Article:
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Hello Turners!

tl;dr: What is the best bang for my buck for a new turner at Woodcraft if they have $115 in giftcards?

I received $115 in WoodCraft giftcards for the Holidays and am looking for some guidance into what I should get. I'm really new to turning, have really just made shavings, and a small top. This is a new hobby for me and I want to make sure I get the best bang for my buck.
What I want to to do is to be able to turn small things (pens, small bowls, etc).

What I have:
  • Lathe (Spur and small face plate that came with it)
  • Spindle tool set from HF
  • Grinder for sharpening

My interpretation of best options:
  • 4 Jaw Chuck (would require some additional money)
  • Bowl turning tool set
  • A turning class
  • Pen Mandrel
  • Wood blanks (I feel like I should get this as it seems like a great deal)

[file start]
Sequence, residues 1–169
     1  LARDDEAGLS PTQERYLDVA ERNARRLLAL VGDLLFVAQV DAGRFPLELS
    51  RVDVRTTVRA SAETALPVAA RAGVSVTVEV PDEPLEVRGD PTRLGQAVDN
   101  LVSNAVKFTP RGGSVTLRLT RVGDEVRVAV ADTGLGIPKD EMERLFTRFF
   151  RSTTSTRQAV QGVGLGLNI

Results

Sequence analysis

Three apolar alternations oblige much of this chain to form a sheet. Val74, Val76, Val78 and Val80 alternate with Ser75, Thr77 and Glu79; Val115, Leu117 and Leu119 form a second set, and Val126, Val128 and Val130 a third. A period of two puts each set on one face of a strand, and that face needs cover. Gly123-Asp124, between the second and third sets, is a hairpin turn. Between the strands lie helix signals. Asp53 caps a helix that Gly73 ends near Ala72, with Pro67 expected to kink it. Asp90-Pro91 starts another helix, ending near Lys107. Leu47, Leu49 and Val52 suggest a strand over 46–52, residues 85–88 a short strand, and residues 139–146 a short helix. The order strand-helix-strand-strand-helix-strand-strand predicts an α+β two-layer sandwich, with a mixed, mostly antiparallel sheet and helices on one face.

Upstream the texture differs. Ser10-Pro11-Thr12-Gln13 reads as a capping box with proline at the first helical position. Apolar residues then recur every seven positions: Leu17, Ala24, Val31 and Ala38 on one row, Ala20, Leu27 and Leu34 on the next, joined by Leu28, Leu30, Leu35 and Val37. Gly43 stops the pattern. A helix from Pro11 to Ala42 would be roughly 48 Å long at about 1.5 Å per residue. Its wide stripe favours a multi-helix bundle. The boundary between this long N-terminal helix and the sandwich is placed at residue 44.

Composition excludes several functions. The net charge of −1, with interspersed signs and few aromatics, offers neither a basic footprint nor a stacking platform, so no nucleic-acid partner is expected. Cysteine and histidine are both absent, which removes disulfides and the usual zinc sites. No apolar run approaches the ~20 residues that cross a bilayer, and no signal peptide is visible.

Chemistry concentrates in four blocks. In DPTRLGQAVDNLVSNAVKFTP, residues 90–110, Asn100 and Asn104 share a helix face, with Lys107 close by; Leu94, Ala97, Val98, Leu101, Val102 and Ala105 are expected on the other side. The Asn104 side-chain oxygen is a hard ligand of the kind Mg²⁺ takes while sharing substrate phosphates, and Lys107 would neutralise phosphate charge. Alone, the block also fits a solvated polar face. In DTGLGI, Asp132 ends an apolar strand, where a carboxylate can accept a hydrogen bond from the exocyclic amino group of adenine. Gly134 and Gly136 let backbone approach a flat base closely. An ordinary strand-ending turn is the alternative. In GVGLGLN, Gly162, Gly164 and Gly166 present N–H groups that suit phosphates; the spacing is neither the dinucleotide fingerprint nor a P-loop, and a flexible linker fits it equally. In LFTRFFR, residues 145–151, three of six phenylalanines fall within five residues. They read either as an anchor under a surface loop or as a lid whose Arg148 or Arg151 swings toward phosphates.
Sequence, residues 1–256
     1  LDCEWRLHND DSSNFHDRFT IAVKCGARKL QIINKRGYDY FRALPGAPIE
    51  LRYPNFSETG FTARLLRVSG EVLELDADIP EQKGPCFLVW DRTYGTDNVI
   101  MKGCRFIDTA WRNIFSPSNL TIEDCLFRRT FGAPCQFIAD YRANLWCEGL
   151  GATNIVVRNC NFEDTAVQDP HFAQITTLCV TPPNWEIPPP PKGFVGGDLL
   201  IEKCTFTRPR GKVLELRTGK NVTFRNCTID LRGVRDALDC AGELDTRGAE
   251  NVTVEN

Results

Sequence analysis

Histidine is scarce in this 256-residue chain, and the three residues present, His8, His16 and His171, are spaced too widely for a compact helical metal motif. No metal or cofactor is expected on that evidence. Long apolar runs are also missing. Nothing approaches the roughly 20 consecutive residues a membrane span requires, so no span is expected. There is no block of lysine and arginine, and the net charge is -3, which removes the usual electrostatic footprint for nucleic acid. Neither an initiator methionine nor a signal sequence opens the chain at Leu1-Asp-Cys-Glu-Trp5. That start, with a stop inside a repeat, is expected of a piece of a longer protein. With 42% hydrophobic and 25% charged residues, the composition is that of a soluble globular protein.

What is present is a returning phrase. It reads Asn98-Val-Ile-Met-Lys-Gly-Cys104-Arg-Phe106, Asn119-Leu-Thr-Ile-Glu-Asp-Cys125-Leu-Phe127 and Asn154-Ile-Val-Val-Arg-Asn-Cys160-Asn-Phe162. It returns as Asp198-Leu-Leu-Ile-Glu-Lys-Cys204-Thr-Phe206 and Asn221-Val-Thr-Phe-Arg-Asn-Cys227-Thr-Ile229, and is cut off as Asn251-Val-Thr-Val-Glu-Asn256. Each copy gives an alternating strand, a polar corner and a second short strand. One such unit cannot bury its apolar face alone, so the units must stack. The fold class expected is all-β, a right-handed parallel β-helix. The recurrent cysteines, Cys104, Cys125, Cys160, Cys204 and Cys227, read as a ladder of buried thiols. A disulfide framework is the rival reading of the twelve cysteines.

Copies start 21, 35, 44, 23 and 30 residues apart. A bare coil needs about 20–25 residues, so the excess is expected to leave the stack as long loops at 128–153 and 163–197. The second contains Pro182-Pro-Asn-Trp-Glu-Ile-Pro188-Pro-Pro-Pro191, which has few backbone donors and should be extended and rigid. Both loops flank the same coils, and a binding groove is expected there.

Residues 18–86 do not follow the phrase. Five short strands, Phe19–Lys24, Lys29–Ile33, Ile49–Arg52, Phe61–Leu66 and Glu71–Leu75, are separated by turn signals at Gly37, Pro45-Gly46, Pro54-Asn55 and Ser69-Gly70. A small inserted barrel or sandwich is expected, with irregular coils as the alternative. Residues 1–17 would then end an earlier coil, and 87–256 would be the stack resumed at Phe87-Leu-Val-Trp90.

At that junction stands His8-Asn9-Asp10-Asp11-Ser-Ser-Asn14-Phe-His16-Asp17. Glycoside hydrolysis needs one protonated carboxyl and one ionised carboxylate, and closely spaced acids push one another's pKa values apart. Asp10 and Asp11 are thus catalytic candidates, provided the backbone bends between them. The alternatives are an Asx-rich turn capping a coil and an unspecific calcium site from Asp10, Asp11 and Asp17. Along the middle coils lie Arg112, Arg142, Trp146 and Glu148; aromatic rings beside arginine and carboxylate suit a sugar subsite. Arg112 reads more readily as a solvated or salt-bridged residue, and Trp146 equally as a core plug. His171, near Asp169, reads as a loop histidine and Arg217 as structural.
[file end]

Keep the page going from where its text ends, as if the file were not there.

I think the 4 Jaw chuck would be a great addition and add a lot of versatility as well as simplify my way to becoming a well seasoned turner BUT I have heard you can do everything you need with face plates and a chuck isn't necessary. I learn a lot and very well from watching others on YouTube and then taking those ideas/approaches over to my shop and just play on the lathe to figure it out, which makes me hesitant to pay for a class, but am I being naive to think that I can just pick this up all self-taught? The bowl turning tools will obviously be important but is it something I should do now or will I get a better bang for my buck by focusing on making pens and other spindle type turnings for now?

What are your thoughts? What have you found great value in as you learned the craft?

Thanks,

Gnardar
 

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Since it's already an option on your list, take a turning class. You'll get so much more from having an experienced turner help you that it will be money well spent.
 

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Yeah I dont think the class is a bad idea either or you could join a local turning club.

If you wanted to buy something though, Id vote for a chuck. A chuck will change the way you turn.:thumbsup:
 

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A turning class and a turning club are both very worthwhile...assuming one or both is available to you in your area. My little town of 2500 has no turning club and if it did, I'm sure I'd be the only member.